Phil Parker investigates a new range of laser-cut kits, ideal for modellers with ambitions of industrial grandeur.
Finding a new manufacturer in our hobby is always a joy, and when the owner of JS Models got in touch to tell me (via RMweb) about his new range of laser-cut buildings, I couldn't wait to take a look.
We are well supplied with kits made this way, the difference here being the range covers big buildings – warehouses and factories – not huts and houses. As a firm fan of the industrial scene, I love these buildings. Why bother with a backscene when you can use honking great buildings to hide the background?
The kit arrived nicely packed in a cardboard box. All parts are cleanly-cut and there are a surprising number of laser board sheets. Examining the instructions, the reason became apparent – all the walls are two sheets of material thick. That's going to make for a strong model that will happily stand up to the rigours of the exhibition circuit, or just the handling by a clumsier modeller. At this point, I should make it clear that I haven't tested this by dropping the model off my workbench, but it's unlikely to be damaged by a fall.
One problem is that, while laser board might be ideal for laser cutting, it is very smooth and slightly shiny. Even the dressed stone the surface purports to be has a little bit of texture, so the biggest challenge I could see was adding this.
Handily, I'd been supplied with a reject wall to experiment on. I tried using a rolling pin to force coarse sandpaper into the surface, but it didn't leave a mark. A hammer was no better and even worse, left dents. I was going to have to do this with paint. After a few attempts I managed to do the job with a mix of paint and D.I.Y. store powdered wall filler. It's subtle, easy to do, very effective and could be used in many different places on a layout.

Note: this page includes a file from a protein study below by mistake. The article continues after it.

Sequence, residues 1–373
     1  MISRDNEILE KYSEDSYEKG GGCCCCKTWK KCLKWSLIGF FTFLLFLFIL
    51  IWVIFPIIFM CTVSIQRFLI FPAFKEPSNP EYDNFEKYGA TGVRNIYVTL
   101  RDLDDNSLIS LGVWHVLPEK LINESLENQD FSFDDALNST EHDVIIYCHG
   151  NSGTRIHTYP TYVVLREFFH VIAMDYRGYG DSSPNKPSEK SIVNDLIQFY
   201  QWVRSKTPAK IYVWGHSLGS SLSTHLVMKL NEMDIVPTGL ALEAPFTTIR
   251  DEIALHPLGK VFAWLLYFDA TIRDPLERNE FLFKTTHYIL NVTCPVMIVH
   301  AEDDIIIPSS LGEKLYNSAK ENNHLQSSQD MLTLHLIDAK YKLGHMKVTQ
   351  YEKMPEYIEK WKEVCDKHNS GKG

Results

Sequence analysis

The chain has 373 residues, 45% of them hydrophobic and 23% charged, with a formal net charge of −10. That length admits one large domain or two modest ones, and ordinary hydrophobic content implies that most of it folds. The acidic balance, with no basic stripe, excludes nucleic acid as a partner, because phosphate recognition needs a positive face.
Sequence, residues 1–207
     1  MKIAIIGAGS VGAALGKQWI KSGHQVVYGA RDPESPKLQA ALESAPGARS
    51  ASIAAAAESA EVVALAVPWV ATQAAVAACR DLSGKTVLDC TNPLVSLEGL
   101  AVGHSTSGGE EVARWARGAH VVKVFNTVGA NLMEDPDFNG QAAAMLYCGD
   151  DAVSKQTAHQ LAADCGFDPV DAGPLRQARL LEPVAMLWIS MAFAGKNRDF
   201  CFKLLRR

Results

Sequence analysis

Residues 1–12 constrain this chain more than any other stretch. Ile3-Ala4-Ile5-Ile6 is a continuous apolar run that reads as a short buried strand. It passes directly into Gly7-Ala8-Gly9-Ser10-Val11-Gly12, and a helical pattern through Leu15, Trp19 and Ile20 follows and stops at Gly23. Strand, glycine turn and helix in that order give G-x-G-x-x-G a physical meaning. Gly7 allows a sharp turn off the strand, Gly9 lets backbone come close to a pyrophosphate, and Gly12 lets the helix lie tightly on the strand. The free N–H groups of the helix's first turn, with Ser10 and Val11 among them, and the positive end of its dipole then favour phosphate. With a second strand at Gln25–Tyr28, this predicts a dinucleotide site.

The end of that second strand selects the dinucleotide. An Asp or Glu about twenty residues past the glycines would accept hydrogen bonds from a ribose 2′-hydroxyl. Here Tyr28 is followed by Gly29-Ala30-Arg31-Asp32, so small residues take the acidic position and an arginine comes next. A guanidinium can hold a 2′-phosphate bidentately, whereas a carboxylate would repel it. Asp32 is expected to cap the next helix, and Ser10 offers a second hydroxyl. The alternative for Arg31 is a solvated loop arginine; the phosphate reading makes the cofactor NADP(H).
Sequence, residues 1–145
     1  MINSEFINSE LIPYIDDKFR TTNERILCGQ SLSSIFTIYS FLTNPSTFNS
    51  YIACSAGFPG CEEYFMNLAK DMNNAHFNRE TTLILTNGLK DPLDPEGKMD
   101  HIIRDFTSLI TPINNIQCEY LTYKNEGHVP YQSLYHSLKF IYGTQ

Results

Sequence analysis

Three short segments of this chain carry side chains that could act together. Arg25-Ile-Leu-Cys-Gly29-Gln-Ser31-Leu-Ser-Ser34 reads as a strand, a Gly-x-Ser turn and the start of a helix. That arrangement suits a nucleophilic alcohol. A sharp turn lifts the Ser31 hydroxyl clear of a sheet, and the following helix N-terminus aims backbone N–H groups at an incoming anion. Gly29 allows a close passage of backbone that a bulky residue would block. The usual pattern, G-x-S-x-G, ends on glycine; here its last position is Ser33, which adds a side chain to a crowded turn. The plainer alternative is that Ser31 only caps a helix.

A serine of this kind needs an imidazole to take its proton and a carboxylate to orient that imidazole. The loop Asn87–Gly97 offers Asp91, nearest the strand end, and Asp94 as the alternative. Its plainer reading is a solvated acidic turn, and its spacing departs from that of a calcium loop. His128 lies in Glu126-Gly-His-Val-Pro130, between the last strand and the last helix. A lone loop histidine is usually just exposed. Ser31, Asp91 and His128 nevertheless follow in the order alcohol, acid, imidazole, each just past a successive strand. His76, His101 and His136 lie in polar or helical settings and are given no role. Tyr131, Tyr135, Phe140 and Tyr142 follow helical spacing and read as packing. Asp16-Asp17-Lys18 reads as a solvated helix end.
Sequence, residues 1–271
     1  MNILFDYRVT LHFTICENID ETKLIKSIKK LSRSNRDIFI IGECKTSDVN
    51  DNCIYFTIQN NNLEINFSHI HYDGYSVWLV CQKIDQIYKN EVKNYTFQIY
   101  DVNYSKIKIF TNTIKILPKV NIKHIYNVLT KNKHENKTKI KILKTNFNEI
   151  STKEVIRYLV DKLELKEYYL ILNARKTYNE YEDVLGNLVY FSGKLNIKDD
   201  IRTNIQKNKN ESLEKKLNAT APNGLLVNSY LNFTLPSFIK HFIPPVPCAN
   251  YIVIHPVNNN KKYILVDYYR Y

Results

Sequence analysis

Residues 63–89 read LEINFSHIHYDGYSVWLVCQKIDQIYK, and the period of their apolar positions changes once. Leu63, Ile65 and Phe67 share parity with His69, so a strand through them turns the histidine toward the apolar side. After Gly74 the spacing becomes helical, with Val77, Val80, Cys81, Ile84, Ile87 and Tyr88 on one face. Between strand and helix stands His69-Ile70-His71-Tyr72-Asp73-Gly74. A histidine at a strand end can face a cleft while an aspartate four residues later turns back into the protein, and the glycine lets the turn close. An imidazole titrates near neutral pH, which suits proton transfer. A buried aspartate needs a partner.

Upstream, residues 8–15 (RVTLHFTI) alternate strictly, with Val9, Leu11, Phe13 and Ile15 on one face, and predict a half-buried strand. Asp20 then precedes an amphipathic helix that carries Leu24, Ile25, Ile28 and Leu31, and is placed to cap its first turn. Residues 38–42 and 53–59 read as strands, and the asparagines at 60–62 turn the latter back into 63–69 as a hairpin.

The finished model measures 280mm wide, 70mm deep and 215mm high, big enough to fill a decent section of layout providing industry to justify those goods trains. Assembly takes a couple of hours if you don't paint it, putting the strips of roof slates on being the longest job. Decoration will at least triple this, but it's time well spent and needs to be spread over several evenings to let the paint dry. It's all pleasant though, as part fit is excellent.
If you need a big building for your layout, the JS Models range is certainly well worth a look. The warehouse is available in both brick and stone finishes and appropriate for any layout from the Industrial Revolution onward. Even a modern image model could find a home for one, reborn as a set of apartments!
To find out how to transform your laser board into stone, read our quick guide here.
Want some further buildings to complete your scene? Our guide on how to build and detail a card kit is worth a read. Or if you’re interested in creating some roads and pavements, our handy guide is filled with tips and advice.
For more help and tips for adding grass to your model railway - watch our video on how to create realistic scenery using static grass here.
And what about trees? Our online guide will help you get to grips with ‘planting’ trees on your model railway.
Need more advice? Take a look at the BRM Techniques page for all our latest guides and advice articles.